Miscellaneous: August 1998 Archives

"Contact" sucked

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I was putting off seeing the movie Contact, starring some actors, because I figured it would just annoy me.

I should have left well enough alone.

It isn't bad enough that the characters were cliched, but they also had to be annoying. The only character of redeeming value was the "sexually non-threatening handicapped guy". But the "intelligent, independent-minded heroine", the "soft-spoken guy, the only one who understands her", the "evil Presidential cabinet member guy trying to control the world", and everyone else just annoyed the heck out of you enough to change the channel.

But if I did that, I could not rant about the rest of the movie, so I kept watching.

There was so much else that was bad about this movie. The effects were at their best average, and at their worst a detraction from the film itself. The flow was mostly incoherent and wandering. It was not a pleasant experience.

But then there are problems with the ideas in the film. First of all, there is the misguided notion of what faith is, a poor attempt to appease "those religious people" by making their faith seem legitimate. Well, their faith is indeed legitimate, but it is not based on anything like what is presented in the movie. Faith is not belief in things without evidence. In fact, Christians from Thomas and Paul through Luther and Calvin and Sproul and Lewis and Moreland only believed BECAUSE of the evidence. They looked at all the evidence -- scientific, philosophical, experiential -- and came to the conclusion that God exists and that the Bible is His Word to man.

Contact, however, condescends to them religious folks, saying that it is OK that they believe in what there is no evidence of. No, it isn't. There is no need to be condescending, because religious belief is predicated on no less an appreciation of the evidence and facts than is scientific belief. Sagan, I suppose, was hoping to find legitimacy for his own beliefs in extraterrestrial life from what he saw as a similar belief by the religions of the world. But it doesn't flow. If Christianity were based on the same lack of evidence that plagued Sagan's own belief, then Christianity would be nothing more than a footnote in Jewish history.

One more thing that annoyed me about the movie was the tagline permeating it: "If there's no other life out there, that's an awful waste of space." Waste of space? So we are to believe that the wonder, joy, curiosity, discovery, and everything else that we humans get from space is a waste unless something else up there is alive? So if there is no other life out there, Sagan's whole life was based on nothing more than looking at a waste of space? Depending on whether or not you are proven right, you are either wasting your time, or not. Sad statement to make about oneself, and it is poor science. A scientist is, supposedly, successful no matter whether the hypothesis is true or not. If it is false, then you have proven something. If it is true, you have proven something. Either way, it is a Good Thing.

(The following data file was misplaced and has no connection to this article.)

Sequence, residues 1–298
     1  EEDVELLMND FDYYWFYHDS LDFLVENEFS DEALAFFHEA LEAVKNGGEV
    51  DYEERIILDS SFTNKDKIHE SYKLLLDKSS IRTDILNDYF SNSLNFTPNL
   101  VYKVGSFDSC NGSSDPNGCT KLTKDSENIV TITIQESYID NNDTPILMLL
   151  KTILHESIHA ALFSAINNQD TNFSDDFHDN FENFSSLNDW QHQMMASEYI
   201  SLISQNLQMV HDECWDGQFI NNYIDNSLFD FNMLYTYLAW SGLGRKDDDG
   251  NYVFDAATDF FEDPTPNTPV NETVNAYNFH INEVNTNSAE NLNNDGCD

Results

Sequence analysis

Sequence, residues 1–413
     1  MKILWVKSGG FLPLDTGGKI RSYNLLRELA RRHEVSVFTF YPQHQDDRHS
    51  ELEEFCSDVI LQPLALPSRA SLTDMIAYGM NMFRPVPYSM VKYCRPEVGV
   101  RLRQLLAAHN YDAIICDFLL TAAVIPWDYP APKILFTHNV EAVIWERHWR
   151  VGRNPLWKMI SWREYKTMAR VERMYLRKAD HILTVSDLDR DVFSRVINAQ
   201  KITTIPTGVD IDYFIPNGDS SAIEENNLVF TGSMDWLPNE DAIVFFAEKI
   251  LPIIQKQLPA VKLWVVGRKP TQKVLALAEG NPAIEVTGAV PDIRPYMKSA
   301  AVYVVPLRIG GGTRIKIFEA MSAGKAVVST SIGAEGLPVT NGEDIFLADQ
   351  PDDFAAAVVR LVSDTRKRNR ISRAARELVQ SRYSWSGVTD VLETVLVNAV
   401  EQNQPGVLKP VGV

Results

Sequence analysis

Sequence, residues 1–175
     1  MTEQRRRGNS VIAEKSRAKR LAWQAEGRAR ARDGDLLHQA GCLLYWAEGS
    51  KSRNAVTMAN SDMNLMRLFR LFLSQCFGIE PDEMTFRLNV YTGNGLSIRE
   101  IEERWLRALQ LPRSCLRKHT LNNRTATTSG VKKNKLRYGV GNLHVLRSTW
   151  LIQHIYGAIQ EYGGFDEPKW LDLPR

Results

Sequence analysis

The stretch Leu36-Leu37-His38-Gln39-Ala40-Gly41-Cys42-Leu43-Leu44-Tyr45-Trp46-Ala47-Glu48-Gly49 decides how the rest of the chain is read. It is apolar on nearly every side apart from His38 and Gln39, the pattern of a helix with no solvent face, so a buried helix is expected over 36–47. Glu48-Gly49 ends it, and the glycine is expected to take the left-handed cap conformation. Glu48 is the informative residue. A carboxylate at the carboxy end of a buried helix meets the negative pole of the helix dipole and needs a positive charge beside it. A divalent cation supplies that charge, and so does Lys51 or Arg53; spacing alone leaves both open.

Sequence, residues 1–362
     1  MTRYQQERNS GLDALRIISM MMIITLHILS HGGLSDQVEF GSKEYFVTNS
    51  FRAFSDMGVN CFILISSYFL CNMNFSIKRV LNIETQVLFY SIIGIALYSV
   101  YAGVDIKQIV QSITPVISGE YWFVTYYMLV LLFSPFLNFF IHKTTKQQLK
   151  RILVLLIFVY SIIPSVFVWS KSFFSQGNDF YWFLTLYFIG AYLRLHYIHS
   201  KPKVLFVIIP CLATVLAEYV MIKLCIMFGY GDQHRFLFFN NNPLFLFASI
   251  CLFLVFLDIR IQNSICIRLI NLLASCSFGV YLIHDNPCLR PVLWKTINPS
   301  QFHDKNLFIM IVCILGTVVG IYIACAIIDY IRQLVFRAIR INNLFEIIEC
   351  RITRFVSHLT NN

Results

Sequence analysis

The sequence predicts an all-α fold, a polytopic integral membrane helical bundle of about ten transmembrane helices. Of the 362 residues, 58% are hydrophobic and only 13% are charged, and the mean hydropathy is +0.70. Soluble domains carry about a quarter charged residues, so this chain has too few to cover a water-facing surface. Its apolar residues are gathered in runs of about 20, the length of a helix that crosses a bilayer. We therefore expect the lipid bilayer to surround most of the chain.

I only recommend this movie to those who want to see how to make a bad movie, or to those who want to see how to think poorly.

We Love TV

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There is a tremendous assault on television. It is nothing new, of course, but it seems to have been renewed. ABC has been working hard on its "We Love TV" campaign to fight back.

And while I am firmly against dumbing down the masses, I just don't see the problem with TV. Yes, many people abuse TV. So? We don't see people picketing all the other things people abuse. Everything can be abused. People abuse McDonald's and Coca-Cola. People abuse radio. People abuse Weight Watchers. People abuse salad. People abuse reading newspapers, magazines, and novels. People abuse weight lifting and listening to classical music.

There are those who claim, as Neil Postman did in Amusing Ourselves to Death, that TV is inherently bad for certain things, like carrying on effective public discourse. Of course, then he turns around and praises Firing Line and the McNeil-Lehrer News Hour. In one ear, and out each corner of the mouth.

Most TV sucks. Yes. And most novels suck, and most movies suck, and most music sucks, and most art sucks. Just because Prime Time is filled with opiatic sitcoms, that does not mean all TV is bad. It doesn't even mean all sitcoms are bad. What it all does mean is that you've gotta work at what you watch, you've gotta pay attention to what is being fed to you, you've gotta use your brain. And if you contend that you cannot use your brain while watching M*A*S*H, well, I pity you.

I like TV. I watch it a lot. I watch it for news. I watch it for sports. I watch it to relax. I watch it for information and for edification. People contend that my brain turns off when I watch TV. Well, we can argue about that, I suppose, but the evidence doesn't bear it out: I am the "victim" of countless hours of TV watching in my lifetime, and I think I've turned out pretty well. I don't recommend it to everyone, but it's been good for me.

<pudge/*> (pronounced "PudgeGlob") is thousands of posts over many years by Pudge.

"It is the common fate of the indolent to see their rights become a prey to the active. The condition upon which God hath given liberty to man is eternal vigilance; which condition if he break, servitude is at once the consequence of his crime and the punishment of his guilt."

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This page is a archive of entries in the Miscellaneous category from August 1998.

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